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Bordeaux's future under attack

Bordeaux's upcoming wine futures campaign is ruffling more feathers than ever this year.

by: AFP | 18 Feb 2008

"Are they going to try and sell us bottles at 500 euros?" asked Alain-Dominique Perrin, former head of the world's second biggest luxury group, Richemont, in an interview this month with one of France's most popular wine magazines.

"If there is a moral in this wine world all the top ones must go back down to 100 euros," he said of the 2007 Bordeaux vintage, which will be tasted by critics in the first week of April and sold in the following months.

The Bordeaux primeur system, which offers wine for sale two years before it is bottled, is unique in the wine world and has always attracted much attention, both positive and negative.

In the last two years, prices paid for top wines have reached record wholesale prices of 400 to 500 euros per bottle, as demand exploded, with customers paying per bottle retail prices of up to 1 000 euros for a few of the most sought after wines like Petrus, Ausone and Cheval Blanc.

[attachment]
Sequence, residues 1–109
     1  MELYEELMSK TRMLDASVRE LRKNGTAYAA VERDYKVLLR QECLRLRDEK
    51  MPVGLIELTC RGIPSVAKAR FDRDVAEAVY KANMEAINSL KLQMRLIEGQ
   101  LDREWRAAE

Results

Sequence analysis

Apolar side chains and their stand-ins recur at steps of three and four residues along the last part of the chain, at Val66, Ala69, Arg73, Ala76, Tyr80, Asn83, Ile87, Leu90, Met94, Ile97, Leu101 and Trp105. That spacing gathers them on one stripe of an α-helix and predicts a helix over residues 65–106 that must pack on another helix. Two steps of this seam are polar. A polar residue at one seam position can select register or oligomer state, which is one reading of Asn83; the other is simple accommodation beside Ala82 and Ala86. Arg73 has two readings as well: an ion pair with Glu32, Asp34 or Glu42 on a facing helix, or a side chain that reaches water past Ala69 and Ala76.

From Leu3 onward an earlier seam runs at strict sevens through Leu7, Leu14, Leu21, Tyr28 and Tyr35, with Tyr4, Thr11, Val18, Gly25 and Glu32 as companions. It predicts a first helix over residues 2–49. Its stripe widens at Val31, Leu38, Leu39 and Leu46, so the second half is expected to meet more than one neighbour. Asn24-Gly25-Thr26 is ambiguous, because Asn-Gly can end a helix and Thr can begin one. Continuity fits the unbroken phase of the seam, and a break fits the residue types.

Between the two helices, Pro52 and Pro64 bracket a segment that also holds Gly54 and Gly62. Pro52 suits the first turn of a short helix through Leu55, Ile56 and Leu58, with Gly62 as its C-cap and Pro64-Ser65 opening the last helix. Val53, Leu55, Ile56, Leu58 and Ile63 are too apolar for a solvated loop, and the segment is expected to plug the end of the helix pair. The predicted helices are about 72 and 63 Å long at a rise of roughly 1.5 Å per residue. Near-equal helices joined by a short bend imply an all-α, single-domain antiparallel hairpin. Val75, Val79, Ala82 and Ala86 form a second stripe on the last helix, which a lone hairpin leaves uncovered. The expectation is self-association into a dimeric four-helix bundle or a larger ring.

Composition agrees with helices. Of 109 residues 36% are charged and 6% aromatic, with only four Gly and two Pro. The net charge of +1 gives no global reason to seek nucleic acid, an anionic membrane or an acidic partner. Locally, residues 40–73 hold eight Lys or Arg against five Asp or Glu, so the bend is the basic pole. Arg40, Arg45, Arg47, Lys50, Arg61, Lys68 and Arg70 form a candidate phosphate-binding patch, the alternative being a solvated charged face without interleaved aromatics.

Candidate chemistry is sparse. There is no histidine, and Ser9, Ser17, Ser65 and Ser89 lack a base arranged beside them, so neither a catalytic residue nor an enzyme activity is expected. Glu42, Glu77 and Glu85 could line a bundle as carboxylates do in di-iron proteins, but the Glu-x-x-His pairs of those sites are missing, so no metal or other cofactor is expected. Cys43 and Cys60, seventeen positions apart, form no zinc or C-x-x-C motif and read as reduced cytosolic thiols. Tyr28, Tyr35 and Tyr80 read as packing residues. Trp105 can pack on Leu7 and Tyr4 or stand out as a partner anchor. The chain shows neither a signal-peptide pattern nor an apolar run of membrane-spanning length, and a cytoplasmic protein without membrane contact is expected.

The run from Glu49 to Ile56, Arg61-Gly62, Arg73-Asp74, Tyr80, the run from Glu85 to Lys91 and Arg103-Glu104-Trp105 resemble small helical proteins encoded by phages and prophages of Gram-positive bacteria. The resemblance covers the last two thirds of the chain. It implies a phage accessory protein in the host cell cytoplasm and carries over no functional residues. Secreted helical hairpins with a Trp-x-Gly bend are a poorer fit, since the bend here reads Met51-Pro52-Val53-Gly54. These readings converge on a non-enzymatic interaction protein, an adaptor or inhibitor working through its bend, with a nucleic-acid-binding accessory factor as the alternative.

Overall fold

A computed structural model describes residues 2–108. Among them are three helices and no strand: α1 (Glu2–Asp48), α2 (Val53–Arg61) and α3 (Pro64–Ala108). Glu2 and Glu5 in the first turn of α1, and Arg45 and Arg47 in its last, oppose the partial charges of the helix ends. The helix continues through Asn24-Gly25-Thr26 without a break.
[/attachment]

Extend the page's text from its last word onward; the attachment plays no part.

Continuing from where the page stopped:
The president of the , which organises the annual primeur tastings, Patrick Maroteaux, described Perrin's comments as bitter. He said his take on the wines of 2007, which included calling them wet and mediocre, was wrong.

"He will be very surprised when he tastes them seriously," he said. Given that Perrin is from outside Bordeaux, and owns several wine estates in other parts of France, notably in Cahors where winemakers can only dream of matching top Bordeaux pricing, his comments could be dismissed as jealousy.

However another critic, this time from Bordeaux, the now retired winemaker at Chateau Petrus, one of the most famous Bordeaux wines, also weighed in against the primeurs this month.

Jean Claude Berrouet, who worked at Petrus from 1964 to 2007, told another magazine that wines had been hijacked by a system that encouraged speculative investors to buy now at relatively reduced prices and sell later at higher ones. "We have taken wine hostage and we need to set it free," he said.

Berrouet also said the primeurs tastings were too frenzied, and that wines needed to be judged over time, not in a great rush as currently happens. For his part, Perrin, now executive administrator for Richemont (owner of Cartier, Montblanc and Van Cleef and Arpels), also said top wines were over-priced in relation to production costs. "To make a bottle of Chateau Mouton Rothschild or similar, all payments included, it comes to between 10 and 12 euros at most," he said.

Consumers were therefore paying about 80 times cost of production for the most sought-after wines, when the highest expected in the luxury industry is only 17 times cost of production, Perrin said.

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